All data were compared with the Database of Genomic Variants (DGV) to exclude genetic copy number variation. Comparisons of the normal control group and the CNA region of the benign tumor group revealed that the N22 and N34 normal control samples showed large X chromosome repeats (>150 Mb). Although the absolute value of R did not exceed 1, the participant’s health could not be sufficiently evaluated and the genetic or clinical significance of these findings could not be determined. The CNAs of the bladder cancer group involved multiple regions, most of which were extensive deletions and amplifications of >10 Mb. These regions were also compared with the DGV, which revealed that nearly all large fragment CNA regions were absent from the DGV. These findings are provided in detail in Table SII and Table SIII.

The general area and type of copy number variation were similar among samples. The average length of deletion mutations in cancer samples was approximately 195.94 Mb, while the average length of repeated mutations was approximately 125.39 Mb. In general, the chromosome regions of bladder cancer urine sediment samples with deletions and changes were wider than those with chromosome duplication. As noted above, CNAs were detected in 2 of 10 patients with benign bladder tumors. Sample C03 exhibited 1.65-fold microduplication in the region of chr21p11.2–11.1 (length, 0.35 Mb). Additionally, CNAs were detected in 8 of 39 normal controls. Samples N22 and N34 had no more than 1-fold X chromosome duplication, the area involved was >150 Mb, and the remaining six samples had microduplications. Comparison of the lengths of repeated and missing regions in the three groups is shown in Figure 2. The length of CNA regions was much wider in the bladder cancer group than in the benign tumor group (P < 0.05) and in the normal controls (P < 0.005), but there was no significant difference in the length of CNA regions between the benign tumor and normal groups. However, the lengths of CNA regions and the positive rate of detection did not differ according to pathological or clinical stages in patients with bladder cancer.

Figure 2 The comparison of CNA region length between bladder cancer group, benign group and normal control group.

Abbreviation: ns, no significance.

Notes: (A) The comparison of delete region length in three groups. (B) The comparison of duplicate region length. B, C and N in X axis stand for bladder cancer, benign tumor, normal control group, respectively. ****P<0.0001. *P<0.05.

The heatmap in Figure 3 shows the overview results of chromosomal CNAs in the 100 urine samples. All genomic regions that are overrepresented (indicative of somatic amplifications) are shown in red, whereas genomic regions that are underrepresented (indicative of somatic deletions) are shown in blue. Visual inspection showed that a large degree of chromosomal instability was present in patients with bladder cancer, while patients with benign bladder tumors had stable chromosomal patterns similar to those of normal controls.

Figure 3 Chromosome copy number alterations heatmap of 100 samples of urine sediments.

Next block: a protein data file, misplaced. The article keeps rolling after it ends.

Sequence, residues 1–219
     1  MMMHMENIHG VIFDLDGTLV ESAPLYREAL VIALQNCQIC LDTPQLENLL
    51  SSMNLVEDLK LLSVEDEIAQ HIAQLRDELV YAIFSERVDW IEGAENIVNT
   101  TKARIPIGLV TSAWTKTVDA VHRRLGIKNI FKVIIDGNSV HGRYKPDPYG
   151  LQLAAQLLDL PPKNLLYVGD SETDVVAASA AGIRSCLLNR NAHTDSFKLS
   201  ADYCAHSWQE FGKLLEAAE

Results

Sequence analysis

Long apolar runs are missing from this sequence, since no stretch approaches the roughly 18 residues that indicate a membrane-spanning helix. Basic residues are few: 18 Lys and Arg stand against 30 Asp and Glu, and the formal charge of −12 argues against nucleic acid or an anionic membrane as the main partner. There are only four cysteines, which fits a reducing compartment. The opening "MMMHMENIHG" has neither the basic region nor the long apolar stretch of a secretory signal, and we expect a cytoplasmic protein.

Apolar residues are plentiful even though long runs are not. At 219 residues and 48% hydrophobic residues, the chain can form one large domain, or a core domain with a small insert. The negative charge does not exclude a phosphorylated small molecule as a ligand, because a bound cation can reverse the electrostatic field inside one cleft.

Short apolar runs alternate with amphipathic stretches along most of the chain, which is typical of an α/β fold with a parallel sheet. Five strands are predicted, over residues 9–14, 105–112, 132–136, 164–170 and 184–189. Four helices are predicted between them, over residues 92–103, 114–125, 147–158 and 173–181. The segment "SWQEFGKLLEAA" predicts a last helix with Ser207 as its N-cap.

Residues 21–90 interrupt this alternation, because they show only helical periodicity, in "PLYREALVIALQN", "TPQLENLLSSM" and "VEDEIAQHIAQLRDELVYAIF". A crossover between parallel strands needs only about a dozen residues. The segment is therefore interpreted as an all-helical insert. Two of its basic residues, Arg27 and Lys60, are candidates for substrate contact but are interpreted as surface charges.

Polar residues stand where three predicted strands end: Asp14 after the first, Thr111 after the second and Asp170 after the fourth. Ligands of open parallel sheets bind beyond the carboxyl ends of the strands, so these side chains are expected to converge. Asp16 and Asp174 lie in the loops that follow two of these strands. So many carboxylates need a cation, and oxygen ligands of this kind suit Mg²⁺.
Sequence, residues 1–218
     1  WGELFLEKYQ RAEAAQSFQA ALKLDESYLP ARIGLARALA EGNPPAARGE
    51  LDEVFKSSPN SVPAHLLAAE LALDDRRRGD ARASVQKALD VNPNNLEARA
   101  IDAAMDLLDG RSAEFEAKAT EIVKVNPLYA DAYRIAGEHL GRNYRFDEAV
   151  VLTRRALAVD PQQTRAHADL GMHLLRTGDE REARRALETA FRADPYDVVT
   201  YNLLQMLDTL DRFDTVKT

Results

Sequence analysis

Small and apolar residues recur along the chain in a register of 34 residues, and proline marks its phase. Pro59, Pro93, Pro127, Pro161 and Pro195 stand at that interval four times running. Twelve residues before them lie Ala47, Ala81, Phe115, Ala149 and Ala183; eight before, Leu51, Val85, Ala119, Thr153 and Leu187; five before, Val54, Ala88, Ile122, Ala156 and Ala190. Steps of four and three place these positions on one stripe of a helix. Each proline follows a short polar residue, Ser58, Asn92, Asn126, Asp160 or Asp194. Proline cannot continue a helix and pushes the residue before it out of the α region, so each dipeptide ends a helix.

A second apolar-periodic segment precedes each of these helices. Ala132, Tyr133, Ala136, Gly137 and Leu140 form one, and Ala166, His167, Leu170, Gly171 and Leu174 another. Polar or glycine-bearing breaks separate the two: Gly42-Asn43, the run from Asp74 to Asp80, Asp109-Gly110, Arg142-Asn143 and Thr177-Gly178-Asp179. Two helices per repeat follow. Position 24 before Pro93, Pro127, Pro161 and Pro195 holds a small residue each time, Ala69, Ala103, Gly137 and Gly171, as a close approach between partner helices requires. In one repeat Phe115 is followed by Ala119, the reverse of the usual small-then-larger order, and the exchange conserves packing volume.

Notes: Heat map of 100 cases of urine sediment sample copy number aberration results. Estimate the genomic copy number gain/duplication or loss/deletion region based on the R value, where blue represents a deletion, dark blue indicates an R value of less than −1.5, light blue is between −0.5 and −1.5, and dark red indicates an R value greater than 1.5, shallow Red is indicated as between 0.5 and 1.5. The green icon on the ordinate indicates the normal control group, blue indicates the bladder benign tumor group, and red indicates the bladder cancer group. The abscissa is the chromosome 1-X and the corresponding length, and the Y chromosome is not included in the graph. The sample numbers are sorted from top to bottom.

High-Frequency CNA Regions in Urine Sediment DNA from Patients with Bladder Cancer

We grouped all CNA-positive samples into four groups according to tumor differentiation status and analyzed the frequencies of CNA regions and genetic conditions in the regions involved. Chromosome duplications were mainly identified on chromosomes 1q, 5p, 6p, 7p, 8q, and 13q; chromosome deletions were mainly identified on 2q, 8p, 9q, 9p, and a portion of the 11p arm. The frequency, region, and type of chromosomal copy number variation are shown in Figure 2.

The CNAs were classified according to the degree of bladder tumor differentiation: benign, low-grade, high-grade and control group. Low-grade potentially malignant bladder epithelial benign tumors (eg, urotheliomas and papillomas) were clustered with the benign bladder tumor group. The results are shown in Figure 4.

Figure 4 Copy number aberrations in urine sediment of bladder tumors with different degrees of differentiation.

Notes: Blue represents chromosome deletion changes, red represents chromosome repeat changes, abscissa is 1 to XY chromosomes displayed in vector scale, ordinate normal is normal control sample, Grade-1 is bladder benign tumor group, Grade-2 for low-grade bladder cancer, Grade-3 is a high-grade bladder cancer, and the ordinate height is the vector ratio ordinate formed by the number of samples.

As above, bladder tumors were divided according to their degrees of differentiation (benign, low-grade, and high-grade). The number of samples with CNAs was higher among high-grade bladder cancers than among low-grade and benign tumors. In low-grade bladder cancer, missing copy number variation was more common, mainly in the chr9q1.12–q34.3 region, while repetitive mutations mainly occurred in the chr7q arm. High-grade bladder cancer also exhibited missing copy number variation, but the chromosomal region affected was more extensive than that of low-grade bladder cancer and benign bladder tumors. Notably, there were copy number variations in each chromosome. Deletion mutations were mainly concentrated in the p-arm of autosomal chromosome 8 and the entire segment of autosomal chromosome 9. The high-frequency regions of deletion variation were chr2q35.1–q37.3, chr8p23.3–p12, chr9q21.12–q34.3, chr11p13–p12, chr11p15.5–p15.1, chr18q12.3, and chr18q21.1–22.1. Repetitive mutations frequently occurred on the q-arm of chromosome 1, the p-arm of autosomal chromosome 5, and the p-arms of autosomal chromosomes 6 and 8. The regions with frequent repeated mutations in those chromosomes were mainly chr5p14.2–p14.1, chr6p22.3, and chr8q22.1–q22.3. These findings are shown in Table 2.